Your Image has been selected

It has been SO long since I last wrote something here on my blog. Now is a good day to start all over again. This image just got selected by YourDailyPhotograph.com
Last time I published some images was november 2019, from Paris. The year and the visit when this image was made…

Dear Per Erik,

Congratulations. We are pleased to announce our curators have chosen your image for inclusion into YourDailyPhotograph.com. We select a very small percentage of photographs submitted.

We expect your image to post in two days.

You’re in good company — in the recent past images from Henri Cartier-Bresson, Andreas Gursky, Richard Misrach, Andre Kertesz, Edward Burtynsky and other photography legends have appeared in YDP.




Chet Baker playing at Fasching in Stockholm

I celebrate that today, on this very day 41 years ago, I photographed Chet Baker at the Fasching Jazzclub here in Stockholm. Some of those images can be seen at my exhibition at Fasching today and until April. I have added the review at the bottom, to be read in Swedish.

Fasching is at Kungsgatan 63, Stockholm

I haven´t posted anything here for a very long time. Perhaps today´s post will be a change for the better.

Until next time. 😊

CH-2 blå lågupplöstCH-1 BakerChet Baker 4 kopia blå_72CH-4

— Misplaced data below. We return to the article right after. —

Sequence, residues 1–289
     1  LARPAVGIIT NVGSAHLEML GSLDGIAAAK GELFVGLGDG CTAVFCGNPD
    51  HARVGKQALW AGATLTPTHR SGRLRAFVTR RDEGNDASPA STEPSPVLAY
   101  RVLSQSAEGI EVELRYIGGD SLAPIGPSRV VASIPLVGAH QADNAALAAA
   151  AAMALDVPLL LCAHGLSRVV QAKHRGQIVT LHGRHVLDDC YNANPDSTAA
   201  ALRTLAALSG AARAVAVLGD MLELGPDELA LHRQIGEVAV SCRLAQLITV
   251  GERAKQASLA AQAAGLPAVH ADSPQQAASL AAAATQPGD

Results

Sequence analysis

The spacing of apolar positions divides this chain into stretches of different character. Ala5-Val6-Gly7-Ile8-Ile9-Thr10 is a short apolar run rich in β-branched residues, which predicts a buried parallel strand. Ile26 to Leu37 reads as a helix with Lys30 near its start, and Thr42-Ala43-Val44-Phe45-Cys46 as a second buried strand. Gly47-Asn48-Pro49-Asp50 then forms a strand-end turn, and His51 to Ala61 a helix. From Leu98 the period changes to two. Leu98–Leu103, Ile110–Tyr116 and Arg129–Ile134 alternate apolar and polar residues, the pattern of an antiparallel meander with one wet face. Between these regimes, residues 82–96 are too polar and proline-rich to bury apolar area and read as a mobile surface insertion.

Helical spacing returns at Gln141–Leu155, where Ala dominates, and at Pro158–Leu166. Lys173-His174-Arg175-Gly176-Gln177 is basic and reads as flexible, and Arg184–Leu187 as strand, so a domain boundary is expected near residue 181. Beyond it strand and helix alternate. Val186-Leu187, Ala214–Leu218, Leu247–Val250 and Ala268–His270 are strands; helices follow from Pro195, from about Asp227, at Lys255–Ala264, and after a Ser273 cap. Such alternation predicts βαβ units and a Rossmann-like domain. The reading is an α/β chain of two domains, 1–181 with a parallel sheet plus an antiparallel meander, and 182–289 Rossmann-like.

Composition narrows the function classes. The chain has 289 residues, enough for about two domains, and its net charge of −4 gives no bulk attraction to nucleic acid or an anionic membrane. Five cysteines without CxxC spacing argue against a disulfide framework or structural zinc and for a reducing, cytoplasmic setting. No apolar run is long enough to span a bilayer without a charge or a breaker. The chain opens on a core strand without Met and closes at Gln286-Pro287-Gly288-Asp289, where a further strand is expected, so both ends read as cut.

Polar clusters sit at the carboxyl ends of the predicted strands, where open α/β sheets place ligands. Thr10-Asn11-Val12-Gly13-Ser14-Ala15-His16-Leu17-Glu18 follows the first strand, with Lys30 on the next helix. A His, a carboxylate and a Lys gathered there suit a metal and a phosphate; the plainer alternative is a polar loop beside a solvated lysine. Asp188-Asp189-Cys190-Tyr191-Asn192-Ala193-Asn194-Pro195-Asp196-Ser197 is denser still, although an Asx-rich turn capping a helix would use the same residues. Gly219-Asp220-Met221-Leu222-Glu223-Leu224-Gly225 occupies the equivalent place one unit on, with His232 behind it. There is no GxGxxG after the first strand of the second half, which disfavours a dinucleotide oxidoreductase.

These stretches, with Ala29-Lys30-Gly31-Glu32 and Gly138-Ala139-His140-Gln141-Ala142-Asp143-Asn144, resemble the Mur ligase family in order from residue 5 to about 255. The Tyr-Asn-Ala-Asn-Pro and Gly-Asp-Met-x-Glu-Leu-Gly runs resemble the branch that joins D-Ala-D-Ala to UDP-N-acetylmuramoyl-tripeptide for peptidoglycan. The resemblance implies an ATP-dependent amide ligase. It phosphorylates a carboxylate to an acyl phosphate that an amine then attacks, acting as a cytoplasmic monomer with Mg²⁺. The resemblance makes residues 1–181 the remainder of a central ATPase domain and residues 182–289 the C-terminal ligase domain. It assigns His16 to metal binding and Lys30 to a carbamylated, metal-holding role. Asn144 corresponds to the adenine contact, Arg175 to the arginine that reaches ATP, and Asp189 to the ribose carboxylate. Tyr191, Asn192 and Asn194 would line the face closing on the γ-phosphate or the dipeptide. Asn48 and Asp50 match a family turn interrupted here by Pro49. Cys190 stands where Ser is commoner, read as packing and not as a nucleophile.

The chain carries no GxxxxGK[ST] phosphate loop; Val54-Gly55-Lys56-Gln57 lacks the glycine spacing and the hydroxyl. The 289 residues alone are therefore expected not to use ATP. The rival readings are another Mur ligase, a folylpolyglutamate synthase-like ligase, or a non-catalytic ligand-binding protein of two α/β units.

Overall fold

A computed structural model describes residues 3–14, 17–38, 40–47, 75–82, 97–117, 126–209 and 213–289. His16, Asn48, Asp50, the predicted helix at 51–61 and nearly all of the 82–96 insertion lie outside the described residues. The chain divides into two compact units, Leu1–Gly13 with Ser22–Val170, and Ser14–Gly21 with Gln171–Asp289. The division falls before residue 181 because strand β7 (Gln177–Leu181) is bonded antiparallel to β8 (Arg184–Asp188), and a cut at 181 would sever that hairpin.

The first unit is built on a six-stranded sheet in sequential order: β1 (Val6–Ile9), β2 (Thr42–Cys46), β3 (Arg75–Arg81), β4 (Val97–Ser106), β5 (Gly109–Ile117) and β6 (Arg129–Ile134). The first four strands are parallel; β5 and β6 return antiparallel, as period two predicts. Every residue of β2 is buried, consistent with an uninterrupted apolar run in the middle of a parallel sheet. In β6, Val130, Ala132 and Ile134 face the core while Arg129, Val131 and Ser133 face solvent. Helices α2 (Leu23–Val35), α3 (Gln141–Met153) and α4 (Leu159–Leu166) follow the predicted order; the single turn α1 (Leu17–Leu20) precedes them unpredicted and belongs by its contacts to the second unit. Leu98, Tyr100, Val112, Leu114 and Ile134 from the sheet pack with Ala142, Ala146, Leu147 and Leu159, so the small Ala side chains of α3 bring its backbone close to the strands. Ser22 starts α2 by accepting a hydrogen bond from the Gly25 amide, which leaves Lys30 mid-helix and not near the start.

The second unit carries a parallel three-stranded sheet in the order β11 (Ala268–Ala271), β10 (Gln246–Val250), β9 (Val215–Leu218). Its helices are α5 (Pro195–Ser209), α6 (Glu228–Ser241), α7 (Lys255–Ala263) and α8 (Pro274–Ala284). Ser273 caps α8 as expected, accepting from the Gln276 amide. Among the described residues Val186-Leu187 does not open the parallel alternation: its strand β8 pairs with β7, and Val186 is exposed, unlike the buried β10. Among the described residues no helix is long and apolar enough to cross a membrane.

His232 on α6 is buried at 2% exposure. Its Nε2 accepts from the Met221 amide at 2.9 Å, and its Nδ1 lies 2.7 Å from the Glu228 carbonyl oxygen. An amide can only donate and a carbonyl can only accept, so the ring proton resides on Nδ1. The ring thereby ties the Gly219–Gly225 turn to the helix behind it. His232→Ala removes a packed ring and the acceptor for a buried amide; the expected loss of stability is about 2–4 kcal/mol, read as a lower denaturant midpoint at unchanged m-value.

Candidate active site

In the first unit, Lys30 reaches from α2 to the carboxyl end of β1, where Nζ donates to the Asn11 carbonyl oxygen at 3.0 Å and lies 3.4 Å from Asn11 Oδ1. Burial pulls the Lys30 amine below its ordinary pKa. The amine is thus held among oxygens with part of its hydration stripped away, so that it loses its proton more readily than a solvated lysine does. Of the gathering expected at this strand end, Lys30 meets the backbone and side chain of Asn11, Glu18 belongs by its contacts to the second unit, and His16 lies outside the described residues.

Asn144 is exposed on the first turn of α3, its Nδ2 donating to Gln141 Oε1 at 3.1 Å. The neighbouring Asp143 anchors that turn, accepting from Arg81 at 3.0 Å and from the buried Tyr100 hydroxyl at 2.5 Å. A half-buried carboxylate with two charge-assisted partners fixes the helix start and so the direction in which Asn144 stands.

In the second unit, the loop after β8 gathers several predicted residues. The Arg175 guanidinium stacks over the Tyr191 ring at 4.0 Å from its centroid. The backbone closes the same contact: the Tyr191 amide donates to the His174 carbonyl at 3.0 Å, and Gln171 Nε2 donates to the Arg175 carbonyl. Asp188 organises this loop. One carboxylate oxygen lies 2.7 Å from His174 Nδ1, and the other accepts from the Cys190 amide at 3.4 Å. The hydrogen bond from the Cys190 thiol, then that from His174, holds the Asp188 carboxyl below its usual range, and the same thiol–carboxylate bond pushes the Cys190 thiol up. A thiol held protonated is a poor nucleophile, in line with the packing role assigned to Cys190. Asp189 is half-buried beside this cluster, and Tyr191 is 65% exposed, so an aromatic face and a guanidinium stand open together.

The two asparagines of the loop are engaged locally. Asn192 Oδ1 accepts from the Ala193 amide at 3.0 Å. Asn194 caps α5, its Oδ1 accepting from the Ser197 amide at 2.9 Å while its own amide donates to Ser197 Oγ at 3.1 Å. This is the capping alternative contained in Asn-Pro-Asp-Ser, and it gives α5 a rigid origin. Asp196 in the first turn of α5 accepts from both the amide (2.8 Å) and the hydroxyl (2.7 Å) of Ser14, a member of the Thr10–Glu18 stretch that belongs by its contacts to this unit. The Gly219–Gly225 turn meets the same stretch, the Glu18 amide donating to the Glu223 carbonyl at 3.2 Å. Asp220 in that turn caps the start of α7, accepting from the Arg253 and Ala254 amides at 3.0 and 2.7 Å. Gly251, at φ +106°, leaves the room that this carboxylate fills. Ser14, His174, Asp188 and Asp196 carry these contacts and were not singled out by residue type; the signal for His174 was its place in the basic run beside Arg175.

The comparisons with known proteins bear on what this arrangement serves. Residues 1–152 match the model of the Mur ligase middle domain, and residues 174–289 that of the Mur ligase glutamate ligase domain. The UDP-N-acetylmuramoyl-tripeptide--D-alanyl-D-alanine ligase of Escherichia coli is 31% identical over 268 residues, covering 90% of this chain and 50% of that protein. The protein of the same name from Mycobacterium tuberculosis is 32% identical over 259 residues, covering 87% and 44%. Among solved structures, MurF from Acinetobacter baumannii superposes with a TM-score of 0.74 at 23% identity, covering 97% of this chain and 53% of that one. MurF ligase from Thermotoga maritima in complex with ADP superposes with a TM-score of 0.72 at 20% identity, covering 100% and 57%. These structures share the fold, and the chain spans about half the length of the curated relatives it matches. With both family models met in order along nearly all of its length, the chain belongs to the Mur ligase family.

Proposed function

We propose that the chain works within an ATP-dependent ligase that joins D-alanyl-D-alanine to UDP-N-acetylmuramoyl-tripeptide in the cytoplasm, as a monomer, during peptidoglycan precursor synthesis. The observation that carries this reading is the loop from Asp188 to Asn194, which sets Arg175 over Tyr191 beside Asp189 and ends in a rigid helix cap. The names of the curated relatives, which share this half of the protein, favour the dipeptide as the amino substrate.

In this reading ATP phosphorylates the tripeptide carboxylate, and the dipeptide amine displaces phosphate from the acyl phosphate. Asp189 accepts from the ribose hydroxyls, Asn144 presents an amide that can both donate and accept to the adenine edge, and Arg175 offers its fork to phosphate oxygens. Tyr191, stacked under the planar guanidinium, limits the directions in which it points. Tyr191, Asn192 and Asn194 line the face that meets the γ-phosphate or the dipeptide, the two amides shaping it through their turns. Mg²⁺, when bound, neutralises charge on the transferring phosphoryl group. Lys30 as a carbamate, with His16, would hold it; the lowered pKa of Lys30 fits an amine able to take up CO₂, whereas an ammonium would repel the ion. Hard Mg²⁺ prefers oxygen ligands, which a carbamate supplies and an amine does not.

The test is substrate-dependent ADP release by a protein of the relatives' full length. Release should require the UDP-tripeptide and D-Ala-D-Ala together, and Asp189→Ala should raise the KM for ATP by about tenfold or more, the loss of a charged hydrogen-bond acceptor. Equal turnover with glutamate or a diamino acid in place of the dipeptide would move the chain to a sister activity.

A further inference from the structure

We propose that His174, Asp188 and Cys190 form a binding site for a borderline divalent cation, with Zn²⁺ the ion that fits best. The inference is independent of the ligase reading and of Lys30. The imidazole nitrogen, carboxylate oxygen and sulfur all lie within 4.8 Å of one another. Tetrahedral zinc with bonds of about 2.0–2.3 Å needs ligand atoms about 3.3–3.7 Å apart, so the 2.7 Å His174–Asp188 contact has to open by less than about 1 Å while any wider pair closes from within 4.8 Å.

Chet Baker2

Perhaps to be included in the 2019 calendar

These images could be selected for the 2019 calender. A project I have made for about 20 years together with my dear friend Peter Schaeublin in Schaffhaussen, Switzerland. And the Stamm printers. The calendar has always been a giveaway and is not for sale.

Pelle😊

IMG__24312IMG__24315IMG__24335IMG__24351

“a man with the camera of an artist, the pen of a poet and a genius for the impossible”

Said by Harrison Salisbury about David Douglas Duncan. A life in photography. This is fantastic reading from Washington Post with many great links for more interesting material.

https://www.washingtonpost.com/local/obituaries/david-douglas-duncan-photo-nomad-who-captured-war-and-picasso-dies-at-102/2018/06/07/8b8fb84e-6a93-11e8-9e38-24e693b38637_story.html?utm_term=.bbec8af2b344

Top image, Marine Capt. Ike Fenton during a Korean War battle in 1950.                                (© David Douglas Duncan/Harry Ransom Center)

😊  Pelle

It is not always as you think it is…

How a Galway Pub Led to a Skyscraper

A friend just sent me this article about another classic image many thought, for good reasons, was made by Hine. A great story. He found it in The New York Times.

🙂  Pelle

Rare photographs that changed lives

And photography still changes lives! 🙂  Pelle

http://www.bbc.com/news/in-pictures-43031764

Twenty-four photographs from the Lewis Hine archive have been auctioned in New York. The rare prints were from the collection of the late New York photographer Isador Sy Seidman.